Effectiveness of changing speeds


#1

I am a 16 year old second baseman, but I recently started developing a knuckleball and am coming back as a possible pitcher.

I’m 5’10", 128 lbs.

I top around 72-ish, curve around 60, slider 54, knuckle varies from 60 to high 40s. I was just wondering if the high 40s knuckle is worth working on. Is it really going to fake batters out or just float in? It seems like the time difference is too big, but the 60 and the 40 move the most. Should I just stick in the 50s and 60s or try the 40s as well? Same problem with the curve. I have a faster one in the mid 60s and a slow one in the low 50s. I analyzed my motion already and it looks almost identical for the two speeds.


#2

It would be even more effective if you put on some weight—maybe 50 pounds or so. I can envision a stringbean throwing a baseball, and I don’t really think you want to do that, so you need to eat more—a lot more, good healthy protein and carbohydrates, and get to the gym and work on building up some muscle. And you really need to get some good speed on some of your pitches, so that when you do change speeds the difference would be amazing.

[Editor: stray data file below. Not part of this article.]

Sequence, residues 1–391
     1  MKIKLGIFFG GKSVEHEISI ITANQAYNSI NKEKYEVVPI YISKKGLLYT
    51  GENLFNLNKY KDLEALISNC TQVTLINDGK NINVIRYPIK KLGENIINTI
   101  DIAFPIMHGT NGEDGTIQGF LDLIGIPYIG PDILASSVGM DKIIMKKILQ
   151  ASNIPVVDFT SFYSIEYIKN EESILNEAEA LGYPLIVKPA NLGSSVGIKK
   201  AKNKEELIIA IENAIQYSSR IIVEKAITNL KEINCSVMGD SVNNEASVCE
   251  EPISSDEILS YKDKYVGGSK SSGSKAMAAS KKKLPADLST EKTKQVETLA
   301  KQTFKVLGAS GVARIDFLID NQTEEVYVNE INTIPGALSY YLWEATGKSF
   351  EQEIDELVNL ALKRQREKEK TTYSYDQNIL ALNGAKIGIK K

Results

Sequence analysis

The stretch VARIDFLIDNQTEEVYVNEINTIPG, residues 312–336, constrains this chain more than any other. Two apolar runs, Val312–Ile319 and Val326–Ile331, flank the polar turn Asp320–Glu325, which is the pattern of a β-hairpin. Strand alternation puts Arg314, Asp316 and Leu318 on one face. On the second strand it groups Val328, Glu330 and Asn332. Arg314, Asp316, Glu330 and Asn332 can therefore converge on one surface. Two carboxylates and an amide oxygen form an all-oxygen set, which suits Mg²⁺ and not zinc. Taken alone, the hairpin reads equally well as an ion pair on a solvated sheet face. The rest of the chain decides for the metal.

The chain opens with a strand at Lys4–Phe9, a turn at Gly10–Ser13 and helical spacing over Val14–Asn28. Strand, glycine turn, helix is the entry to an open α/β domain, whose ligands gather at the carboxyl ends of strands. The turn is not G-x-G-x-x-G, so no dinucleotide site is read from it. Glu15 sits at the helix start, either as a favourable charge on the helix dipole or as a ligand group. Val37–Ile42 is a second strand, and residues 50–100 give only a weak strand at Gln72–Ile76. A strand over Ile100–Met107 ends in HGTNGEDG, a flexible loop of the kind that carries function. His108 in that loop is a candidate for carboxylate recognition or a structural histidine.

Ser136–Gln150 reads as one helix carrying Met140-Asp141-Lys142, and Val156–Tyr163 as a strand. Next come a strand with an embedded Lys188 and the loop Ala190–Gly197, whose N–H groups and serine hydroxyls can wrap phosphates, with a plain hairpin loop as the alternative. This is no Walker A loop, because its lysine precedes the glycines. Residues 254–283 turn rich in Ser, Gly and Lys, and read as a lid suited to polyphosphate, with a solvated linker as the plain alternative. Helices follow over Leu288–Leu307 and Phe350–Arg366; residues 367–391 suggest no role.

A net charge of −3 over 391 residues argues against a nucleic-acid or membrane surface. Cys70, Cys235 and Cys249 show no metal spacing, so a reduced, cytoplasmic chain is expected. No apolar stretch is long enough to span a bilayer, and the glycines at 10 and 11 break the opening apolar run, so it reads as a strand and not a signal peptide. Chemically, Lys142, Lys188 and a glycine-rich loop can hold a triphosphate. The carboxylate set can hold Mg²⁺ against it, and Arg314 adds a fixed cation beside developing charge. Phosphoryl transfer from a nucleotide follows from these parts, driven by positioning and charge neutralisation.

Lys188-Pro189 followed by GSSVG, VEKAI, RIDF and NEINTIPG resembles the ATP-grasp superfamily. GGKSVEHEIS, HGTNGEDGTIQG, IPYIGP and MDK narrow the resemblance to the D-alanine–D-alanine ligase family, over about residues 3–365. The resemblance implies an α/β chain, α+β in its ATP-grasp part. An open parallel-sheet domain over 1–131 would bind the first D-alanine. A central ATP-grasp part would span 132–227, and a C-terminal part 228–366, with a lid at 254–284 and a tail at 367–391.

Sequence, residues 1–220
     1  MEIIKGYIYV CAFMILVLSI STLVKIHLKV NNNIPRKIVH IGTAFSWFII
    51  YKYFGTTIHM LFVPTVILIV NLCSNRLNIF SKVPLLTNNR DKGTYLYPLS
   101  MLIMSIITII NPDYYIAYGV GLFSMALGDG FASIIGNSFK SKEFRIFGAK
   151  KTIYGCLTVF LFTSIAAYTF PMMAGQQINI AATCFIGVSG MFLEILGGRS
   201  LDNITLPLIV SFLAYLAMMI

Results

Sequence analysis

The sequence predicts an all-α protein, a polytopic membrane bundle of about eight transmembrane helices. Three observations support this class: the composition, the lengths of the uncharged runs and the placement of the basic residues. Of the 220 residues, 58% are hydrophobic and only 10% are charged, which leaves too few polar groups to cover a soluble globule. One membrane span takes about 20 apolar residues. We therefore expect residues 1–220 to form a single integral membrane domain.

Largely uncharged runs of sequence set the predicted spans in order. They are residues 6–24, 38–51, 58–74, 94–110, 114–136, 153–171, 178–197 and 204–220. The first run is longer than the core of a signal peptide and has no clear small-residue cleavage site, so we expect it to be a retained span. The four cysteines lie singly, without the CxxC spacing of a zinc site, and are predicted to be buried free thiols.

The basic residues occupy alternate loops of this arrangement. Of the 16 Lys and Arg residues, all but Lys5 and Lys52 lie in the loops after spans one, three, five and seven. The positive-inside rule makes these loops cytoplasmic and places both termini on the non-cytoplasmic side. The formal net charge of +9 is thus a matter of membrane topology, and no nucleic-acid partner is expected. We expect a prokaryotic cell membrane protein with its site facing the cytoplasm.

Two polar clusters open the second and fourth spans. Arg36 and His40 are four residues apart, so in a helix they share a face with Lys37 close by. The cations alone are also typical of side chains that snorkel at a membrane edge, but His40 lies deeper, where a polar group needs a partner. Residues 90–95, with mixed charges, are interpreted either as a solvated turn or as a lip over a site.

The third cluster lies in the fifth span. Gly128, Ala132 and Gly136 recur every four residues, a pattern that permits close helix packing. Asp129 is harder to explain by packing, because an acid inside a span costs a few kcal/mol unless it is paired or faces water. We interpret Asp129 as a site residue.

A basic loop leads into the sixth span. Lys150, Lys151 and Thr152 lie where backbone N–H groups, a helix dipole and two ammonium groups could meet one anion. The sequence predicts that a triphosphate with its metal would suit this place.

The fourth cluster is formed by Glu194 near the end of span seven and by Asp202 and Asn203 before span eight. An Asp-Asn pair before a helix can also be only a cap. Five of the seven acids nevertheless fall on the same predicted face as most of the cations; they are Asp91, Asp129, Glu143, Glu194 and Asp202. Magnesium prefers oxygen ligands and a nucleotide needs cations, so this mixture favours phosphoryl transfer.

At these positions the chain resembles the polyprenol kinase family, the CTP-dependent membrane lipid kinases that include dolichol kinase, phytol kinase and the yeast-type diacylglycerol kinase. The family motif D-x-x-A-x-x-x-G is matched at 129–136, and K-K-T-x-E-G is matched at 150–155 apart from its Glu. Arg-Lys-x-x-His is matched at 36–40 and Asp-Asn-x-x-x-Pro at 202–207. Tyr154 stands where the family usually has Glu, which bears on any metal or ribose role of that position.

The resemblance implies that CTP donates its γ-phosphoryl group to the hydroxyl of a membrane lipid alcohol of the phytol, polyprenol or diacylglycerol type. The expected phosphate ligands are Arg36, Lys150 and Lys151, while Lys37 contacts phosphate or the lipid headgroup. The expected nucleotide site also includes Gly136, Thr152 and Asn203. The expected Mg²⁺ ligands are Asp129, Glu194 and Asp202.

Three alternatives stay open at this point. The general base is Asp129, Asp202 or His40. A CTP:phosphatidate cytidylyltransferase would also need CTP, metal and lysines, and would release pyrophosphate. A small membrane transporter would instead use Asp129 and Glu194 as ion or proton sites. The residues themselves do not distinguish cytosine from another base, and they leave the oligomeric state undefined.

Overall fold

I had an incredible pitching coach who told me some things about changing speeds. He said, “Move the ball around—high, low, inside, outside, work the corners, change speeds—and stay away from the middle of the plate.” A lot has to do with the grip, how you hold the ball, and your release point. I don’t know what your arm slot is—your arm angle—but whatever it is, you can do a lot more with it when you gain more weight and more strength. And a really good pitching coach can help. :baseballpitcher:


#3

I am around your height and when I was 16, I weighed 170 pounds and I was thin. I bet if you turn sideways you disappear :lol:

At any weight, large speed differences allow hitters time to adjust–especially if you don’t have gas. Hitters at the 16-19 age range can hit the curve if you don’t have decent fastball velocity to keep them honest.

Develop the fastball and don’t worry about other pitches until you get your arm speed up and iron out some velocity mechanics. Throwing mostly junkballs will slow your arm development.


#4

I don’t want to be the negative nancy here, but to pitch at the varsity level you need to get up to the 78-80 range. Here in TX the avg HS pitcher is in the 80-82 range with most high schools having at least one that will be in the 85 range. Larger schools will have 2 or 3. I doubt you will get many chances throwing low 70’s and most HS coaches I know don’t like the knuckleball so you are battling those biases as well.

How do you get there? Well gaining some weight and strength will get you part of the way there, but the main thing is you need an explosive delivery. Not having seen your delivery is I expect that you need to be more explosive off the mound. I have seen numerous kids that are 5’ 10 160 lbs throw mid 80’s and I have also seen numerous kids 6’ 3" throw 75. The difference is the explosiveness in their delivery. Essentially you are going to have to teach yourself how to throw hard and once you do that work on throwing strikes with that same explosive delivery. I would suggest getting a pitching coach that can help you become more explosive.